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Scott Rolen is inevitable. Will 2023 be the third baseman’s Hall of Fame year?

Trevor Bauer reportedly not charged in sexual assault case

Scott Rolen’s combination of defensive wizardry and offense made him one of the most complete players in baseball.

Though injuries would eventually take a toll on his body, the third baseman was a feared batter during his peak years.

Rolen played 17 seasons in the majors and ranks in the top 15 among third basemen in home runs (316), RBI (1,287) and slugging percentage (.490). Defensively – both by traditional statistics and advanced measurement – he was one of the best third basemen of his generation, winning eight Gold Glove Awards.

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A second-round pick by the Philadelphia Phillies in 1993, he made an immediate impact when he reached the big leagues, unanimously winning the National League Rookie of the Year award in 1997. The following season, he established himself as a legitimate star with a .290/.391/.532 slash line, 31 home runs, 110 RBI and his earning his first Gold Glove.

The seven-time All-Star went on to play for the St. Louis Cardinals, Toronto Blue Jays and Cincinnati Reds before retiring in 2012.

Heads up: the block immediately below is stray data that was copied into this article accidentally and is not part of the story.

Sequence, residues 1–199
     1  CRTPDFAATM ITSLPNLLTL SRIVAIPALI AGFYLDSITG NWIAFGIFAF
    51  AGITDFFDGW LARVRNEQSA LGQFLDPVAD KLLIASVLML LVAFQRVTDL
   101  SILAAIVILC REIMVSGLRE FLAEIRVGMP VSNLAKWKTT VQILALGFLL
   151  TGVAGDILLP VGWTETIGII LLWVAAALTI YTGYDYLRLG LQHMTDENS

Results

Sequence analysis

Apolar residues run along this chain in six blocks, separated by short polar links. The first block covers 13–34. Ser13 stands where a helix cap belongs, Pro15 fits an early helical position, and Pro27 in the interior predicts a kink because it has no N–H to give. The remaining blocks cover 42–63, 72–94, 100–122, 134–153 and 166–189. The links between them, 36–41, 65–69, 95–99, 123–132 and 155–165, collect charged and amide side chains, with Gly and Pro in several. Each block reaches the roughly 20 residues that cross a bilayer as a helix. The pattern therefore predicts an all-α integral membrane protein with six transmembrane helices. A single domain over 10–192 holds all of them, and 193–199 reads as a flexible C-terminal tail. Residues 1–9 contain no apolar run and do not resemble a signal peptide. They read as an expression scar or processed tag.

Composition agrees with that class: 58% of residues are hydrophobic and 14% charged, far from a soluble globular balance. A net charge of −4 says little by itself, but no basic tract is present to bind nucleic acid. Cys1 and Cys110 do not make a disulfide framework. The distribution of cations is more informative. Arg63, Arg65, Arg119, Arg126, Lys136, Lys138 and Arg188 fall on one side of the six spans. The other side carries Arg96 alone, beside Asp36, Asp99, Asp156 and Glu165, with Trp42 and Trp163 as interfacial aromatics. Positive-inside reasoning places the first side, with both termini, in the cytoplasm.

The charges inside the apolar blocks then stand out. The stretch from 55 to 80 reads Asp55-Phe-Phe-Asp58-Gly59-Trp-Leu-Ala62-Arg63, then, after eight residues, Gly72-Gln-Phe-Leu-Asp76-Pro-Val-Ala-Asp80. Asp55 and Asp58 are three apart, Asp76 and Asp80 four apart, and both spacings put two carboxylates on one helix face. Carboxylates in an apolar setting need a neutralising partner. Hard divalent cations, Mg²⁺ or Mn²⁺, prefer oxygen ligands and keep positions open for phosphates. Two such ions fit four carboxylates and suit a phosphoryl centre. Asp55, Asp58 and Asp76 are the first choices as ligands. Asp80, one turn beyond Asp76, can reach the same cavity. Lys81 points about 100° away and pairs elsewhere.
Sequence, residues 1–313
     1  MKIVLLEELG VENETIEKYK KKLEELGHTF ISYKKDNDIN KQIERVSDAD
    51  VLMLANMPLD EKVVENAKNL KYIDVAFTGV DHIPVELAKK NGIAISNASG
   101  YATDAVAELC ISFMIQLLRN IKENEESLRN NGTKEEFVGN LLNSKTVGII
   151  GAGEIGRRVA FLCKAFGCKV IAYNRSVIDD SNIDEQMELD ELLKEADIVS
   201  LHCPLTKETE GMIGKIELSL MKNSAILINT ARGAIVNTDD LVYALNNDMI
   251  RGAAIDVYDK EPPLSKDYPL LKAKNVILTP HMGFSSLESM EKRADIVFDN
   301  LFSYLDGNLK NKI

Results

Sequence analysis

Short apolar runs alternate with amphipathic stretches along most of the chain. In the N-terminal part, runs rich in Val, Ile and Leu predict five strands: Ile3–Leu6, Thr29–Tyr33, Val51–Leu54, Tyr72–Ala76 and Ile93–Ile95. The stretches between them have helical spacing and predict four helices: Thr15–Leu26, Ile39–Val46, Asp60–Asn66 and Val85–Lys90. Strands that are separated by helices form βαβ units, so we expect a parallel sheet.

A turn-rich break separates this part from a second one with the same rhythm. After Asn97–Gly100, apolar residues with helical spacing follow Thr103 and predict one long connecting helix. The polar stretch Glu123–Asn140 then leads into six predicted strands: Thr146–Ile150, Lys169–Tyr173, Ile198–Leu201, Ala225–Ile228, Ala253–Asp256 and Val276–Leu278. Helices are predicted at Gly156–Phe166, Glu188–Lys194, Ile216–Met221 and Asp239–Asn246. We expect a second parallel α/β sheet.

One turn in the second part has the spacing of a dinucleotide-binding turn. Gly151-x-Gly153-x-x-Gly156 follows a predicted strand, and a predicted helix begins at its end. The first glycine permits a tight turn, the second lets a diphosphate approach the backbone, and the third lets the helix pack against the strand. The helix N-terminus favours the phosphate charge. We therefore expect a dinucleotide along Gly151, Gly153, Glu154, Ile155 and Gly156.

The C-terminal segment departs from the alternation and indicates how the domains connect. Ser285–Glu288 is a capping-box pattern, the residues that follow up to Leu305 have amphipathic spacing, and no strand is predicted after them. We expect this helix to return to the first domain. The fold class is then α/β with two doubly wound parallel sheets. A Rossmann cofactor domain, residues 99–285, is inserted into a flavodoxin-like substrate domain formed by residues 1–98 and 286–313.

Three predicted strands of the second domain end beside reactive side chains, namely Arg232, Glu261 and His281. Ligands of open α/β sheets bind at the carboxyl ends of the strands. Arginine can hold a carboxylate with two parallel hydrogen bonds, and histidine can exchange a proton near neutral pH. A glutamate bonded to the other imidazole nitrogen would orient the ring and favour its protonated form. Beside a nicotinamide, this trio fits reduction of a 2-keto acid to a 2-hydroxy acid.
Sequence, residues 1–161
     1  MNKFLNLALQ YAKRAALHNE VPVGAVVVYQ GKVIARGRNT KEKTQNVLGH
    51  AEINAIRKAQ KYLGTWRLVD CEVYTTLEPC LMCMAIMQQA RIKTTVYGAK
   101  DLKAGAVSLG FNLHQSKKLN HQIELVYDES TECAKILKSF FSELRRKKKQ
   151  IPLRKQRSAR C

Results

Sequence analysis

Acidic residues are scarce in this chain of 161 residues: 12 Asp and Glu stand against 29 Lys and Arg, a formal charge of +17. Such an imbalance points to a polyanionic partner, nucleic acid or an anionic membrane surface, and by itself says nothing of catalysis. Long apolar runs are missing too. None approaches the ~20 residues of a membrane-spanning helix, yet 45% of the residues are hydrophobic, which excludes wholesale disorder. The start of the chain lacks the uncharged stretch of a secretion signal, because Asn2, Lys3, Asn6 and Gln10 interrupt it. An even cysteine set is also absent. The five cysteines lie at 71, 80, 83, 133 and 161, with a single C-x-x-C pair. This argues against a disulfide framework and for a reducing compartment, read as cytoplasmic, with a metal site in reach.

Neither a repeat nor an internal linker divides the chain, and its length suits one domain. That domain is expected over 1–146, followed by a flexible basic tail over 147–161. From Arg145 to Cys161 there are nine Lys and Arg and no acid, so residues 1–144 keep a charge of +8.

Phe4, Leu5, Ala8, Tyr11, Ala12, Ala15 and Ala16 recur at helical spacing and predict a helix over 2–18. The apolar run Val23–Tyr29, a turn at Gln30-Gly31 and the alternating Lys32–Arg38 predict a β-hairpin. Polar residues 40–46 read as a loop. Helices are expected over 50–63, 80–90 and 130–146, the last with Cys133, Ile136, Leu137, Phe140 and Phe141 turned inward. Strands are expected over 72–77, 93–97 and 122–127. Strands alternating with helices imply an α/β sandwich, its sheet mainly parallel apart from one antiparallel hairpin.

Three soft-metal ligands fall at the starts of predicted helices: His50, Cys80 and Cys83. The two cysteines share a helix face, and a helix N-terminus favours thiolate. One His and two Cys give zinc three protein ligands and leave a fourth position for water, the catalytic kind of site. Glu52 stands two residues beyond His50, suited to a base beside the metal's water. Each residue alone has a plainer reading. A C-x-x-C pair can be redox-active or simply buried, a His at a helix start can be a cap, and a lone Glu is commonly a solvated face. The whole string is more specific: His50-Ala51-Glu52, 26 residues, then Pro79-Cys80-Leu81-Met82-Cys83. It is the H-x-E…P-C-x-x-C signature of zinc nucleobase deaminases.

Rolen, who is in the Cardinals Hall of Fame, was an integral part of the club that won the World Series in 2006. He hit .421 (8-for-19) with five runs scored in five games against the Detroit Tigers.

USA TODAY Sports examines Rolen’s case:

Why Scott Rolen belongs in the Hall

Rolen hit with consistent power and could flat out play the hot corner. His eight Gold Glove Awards trail only Brooks Robinson (16), Mike Schmidt (10) and Nolan Arenado (10) among third basemen in MLB history. He is also one of 15 infielders ever to win at least eight Gold Glove Awards.

During Rolen’s peak years from 1997-2004, he was one of the more powerful sluggers at the plate. He had at least 25 home runs and 100 RBI in five seasons. Only nine players in the majors had more such seasons during that span.

His WAR (46.3) during those eight years was higher than any player in the majors aside from Barry Bonds (71.2) and Alex Rodriguez (62.4), but they were later linked to performance-enhancing drugs. It was also higher than Hall of Famers Jeff Bagwell (44.1), Chipper Jones (43.6), Larry Walker (43.4), Derek Jeter (41.7) and Vladimir Guerrero (40.3) over the that span.

And an eight-year sample size is not a small one.

Among the 17 third basemen in the Hall of Fame, his career WAR (70.1) would rank ninth, just behind Ron Santo (70.5)…

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